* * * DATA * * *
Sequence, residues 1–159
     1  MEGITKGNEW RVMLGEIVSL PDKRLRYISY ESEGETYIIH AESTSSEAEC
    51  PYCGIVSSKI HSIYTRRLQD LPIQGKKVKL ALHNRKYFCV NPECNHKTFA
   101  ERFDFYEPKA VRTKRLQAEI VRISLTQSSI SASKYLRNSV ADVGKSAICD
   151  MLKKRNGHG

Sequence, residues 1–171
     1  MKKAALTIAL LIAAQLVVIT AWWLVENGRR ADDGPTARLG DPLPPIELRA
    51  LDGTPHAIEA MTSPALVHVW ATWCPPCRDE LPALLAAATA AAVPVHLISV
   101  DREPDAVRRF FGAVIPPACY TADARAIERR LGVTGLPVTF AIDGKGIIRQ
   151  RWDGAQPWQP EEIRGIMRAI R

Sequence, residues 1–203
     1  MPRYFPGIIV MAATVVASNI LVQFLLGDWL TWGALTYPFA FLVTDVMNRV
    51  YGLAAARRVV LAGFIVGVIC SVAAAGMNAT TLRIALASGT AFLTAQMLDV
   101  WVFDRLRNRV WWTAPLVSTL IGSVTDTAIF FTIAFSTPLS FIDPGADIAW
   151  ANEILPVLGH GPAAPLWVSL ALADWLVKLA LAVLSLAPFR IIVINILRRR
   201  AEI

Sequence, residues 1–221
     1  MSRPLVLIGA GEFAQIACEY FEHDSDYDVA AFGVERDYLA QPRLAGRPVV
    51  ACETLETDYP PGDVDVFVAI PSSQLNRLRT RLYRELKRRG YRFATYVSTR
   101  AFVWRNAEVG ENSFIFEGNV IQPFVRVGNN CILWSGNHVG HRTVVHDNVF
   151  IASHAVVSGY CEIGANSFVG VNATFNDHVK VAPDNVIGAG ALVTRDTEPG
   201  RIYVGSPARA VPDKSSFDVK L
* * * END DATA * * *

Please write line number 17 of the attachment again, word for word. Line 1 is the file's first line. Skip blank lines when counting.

Sequence, residues 1–221